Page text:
Adapting the diagnostic and therapeutic management to the personalized characteristics and needs of each individual patient represents one of the main challenges of precision medicine in the 21st century. In the last decade, many different treatment approaches were approved based on specific genetic characteristics such as anti-EGFR directed therapies in patients with RAS wild-type colorectal cancer [7]. Thus, providing individualized or personalized medicine requires the availability of specific “biomarkers” that allow stratification of patients into different subgroups [8]. The National Institutes of Health (NIH) define a biomarker as “any substance, structure, or process that can be measured in the body or its products and influence or predict the incidence or outcome of disease” or, more broadly, as “almost any measurement reflecting an interaction between a biological system and a potential hazard, which may be chemical, physical, or biological. The measured response may be functional and physiological, biochemical at the cellular level, or a molecular interaction” (reviewed in the work of [9]). Because, in recent years, manifold specific sepsis therapies have failed, current effective treatment strategies consist of detecting sepsis as early as possible, fluid resuscitation, and anti-infective treatments [1]. Especially easily accessible biomarkers, for example, from patients’ serum, might provide an important tool in the diagnostic process of sepsis at an early stage, to detect subgroups of patients with a high-risk profile and to monitor disease progression [10]. At present, microbiological cultures are widely accepted as the gold standard for diagnosis of septic disease [11]. However, in most cases, the results from microbiological cultures are only available days after sample collection and are associated with high rates of false negative results, leading to an ongoing search for other markers that might serve as surrogate for the presence of sepsis [12]. The C-reactive protein (CRP) has been identified as an inexpensive, but sensitive surrogate for infection and inflammation [13]. Named for its ability to bind the C-polysaccharide of Streptococcus pneumoniae, it represents an acute-phase protein that is secreted by hepatocytes in response to infection, inflammation, and tissue damage [13]. However, to distinguish between sepsis and non-infectious disease etiology, CRP lacks specificity, and elevated CRP serum levels are also common in patients with inflammatory (but not infectious) diseases states such as cancer, thromboembolic- or cardiovascular diseases, and burns [13]. Moreover, owing to the hepatic provenience of CRP, in the case of severe liver failure, CRP levels may be falsely low and may rather reflect the degree of hepatic dysfunction than sepsis or inflammation [14], limiting its use in clinical routine. Besides CRP, procalcitonin (PCT) was more recently established in clinical routine to identify patients with septic disease. PCT represents a precursor-hormone of calcitonin. It is produced by various organs and, in healthy individuals, the liver is considered to be the most important source of PCT [15]. During infection, PCT is secreted by cytokine-activated macrophages as well as by the parenchyma of many organs, leading to a dramatic increase in circulating PCT levels [15]. Despite that different guidelines recommend the use of PCT to distinguish between sepsis and non-septic cause of disease in critically ill patients, recent meta-analyses have demonstrated that the use of PCT for guidance of therapy had no influence on further therapeutic procedures for ICU patients [11,16]. Moreover, the use of PCT is further hampered by the lack of a clear cut-off defining sepsis in patients with critical illness [17].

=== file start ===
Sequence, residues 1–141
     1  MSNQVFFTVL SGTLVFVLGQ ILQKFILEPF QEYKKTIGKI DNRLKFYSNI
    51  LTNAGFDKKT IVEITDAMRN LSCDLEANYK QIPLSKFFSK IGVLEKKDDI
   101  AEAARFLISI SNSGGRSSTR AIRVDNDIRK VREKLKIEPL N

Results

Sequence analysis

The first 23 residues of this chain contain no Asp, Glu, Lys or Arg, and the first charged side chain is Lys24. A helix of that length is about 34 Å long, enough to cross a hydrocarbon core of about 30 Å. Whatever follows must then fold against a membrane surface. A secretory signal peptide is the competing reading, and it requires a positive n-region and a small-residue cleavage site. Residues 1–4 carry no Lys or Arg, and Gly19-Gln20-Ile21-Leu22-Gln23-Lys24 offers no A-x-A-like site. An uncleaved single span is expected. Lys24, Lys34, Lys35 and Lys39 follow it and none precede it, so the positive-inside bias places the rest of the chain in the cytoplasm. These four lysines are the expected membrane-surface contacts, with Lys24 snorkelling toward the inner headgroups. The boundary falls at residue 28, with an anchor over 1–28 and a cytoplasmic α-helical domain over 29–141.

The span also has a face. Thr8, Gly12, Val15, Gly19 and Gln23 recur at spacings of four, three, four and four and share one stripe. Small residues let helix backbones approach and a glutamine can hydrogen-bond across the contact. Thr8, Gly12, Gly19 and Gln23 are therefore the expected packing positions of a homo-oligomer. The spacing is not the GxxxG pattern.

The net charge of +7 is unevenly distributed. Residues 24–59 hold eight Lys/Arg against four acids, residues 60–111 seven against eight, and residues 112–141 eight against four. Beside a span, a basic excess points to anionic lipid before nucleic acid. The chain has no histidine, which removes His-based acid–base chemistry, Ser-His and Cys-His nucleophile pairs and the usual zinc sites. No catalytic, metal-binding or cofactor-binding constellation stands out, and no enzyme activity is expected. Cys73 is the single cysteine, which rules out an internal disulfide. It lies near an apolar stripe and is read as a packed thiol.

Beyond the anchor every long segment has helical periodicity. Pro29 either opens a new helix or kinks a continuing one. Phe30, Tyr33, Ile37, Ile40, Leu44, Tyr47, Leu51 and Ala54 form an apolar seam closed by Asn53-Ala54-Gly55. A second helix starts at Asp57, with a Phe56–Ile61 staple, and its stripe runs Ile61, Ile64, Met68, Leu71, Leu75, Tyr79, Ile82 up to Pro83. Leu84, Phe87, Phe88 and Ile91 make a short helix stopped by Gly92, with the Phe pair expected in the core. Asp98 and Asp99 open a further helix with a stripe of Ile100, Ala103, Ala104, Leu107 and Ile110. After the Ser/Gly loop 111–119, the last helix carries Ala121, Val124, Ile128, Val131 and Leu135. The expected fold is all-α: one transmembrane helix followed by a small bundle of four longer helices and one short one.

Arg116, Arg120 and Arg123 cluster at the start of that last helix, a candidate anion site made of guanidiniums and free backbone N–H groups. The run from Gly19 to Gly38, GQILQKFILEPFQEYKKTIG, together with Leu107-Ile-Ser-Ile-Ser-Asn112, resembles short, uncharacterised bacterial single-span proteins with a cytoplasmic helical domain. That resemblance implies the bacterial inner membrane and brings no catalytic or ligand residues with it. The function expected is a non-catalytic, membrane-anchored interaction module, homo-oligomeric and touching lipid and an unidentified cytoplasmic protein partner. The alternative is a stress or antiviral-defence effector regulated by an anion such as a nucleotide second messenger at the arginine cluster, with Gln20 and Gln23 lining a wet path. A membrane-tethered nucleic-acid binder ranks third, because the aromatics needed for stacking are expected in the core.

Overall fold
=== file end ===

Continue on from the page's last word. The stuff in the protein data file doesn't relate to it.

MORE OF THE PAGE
In addition to CRP and PCT, interleukin-6 (IL-6) has been suggested as a biomarker in the context of critical illness and sepsis. IL-6 represent the most potent inducer for the secretion of acute phase proteins in the liver. IL-6 serum concentrations were elevated in the blood of patients with septic disease and IL-6 concentrations were associated with the severity of sepsis. Moreover, patients with elevated IL-6 levels demonstrated an impaired prognosis compared with patients with lower levels [18]. However, similar to CRP and PCT, IL-6 concentrations were also elevated in non-septic disease states, limiting its specificity for the assessment of sepsis in patients with critical illness [19]. Therefore, owing to a lack in specificity and sensitivity of available markers for critical illness and sepsis, innovative biomarkers reflecting novel pathophysiological concepts are eagerly awaited to improve the outcome of patients treated on medical ICU. In this context, adipokines might represent biological plausible markers for diagnosis of sepsis and prognosis estimation in critically ill patients, because many processes that are regulated by or reflected by adipokines are involved in the pathophysiology of critical illness and sepsis. As an example, hyperglycemia, impaired glucose tolerance, and insulin resistance are commonly observed in critically ill patients with sepsis or septic shock and have been correlated with an impaired prognosis of these patients [20]. On the basis of these recent findings, many authors have measured serum concentrations of different adipokines in serum and plasma of critically ill patients with or without sepsis. Here, we review these previous data on the role of adipokines in diagnostic work-up and risk stratification of sepsis as well as critical illness.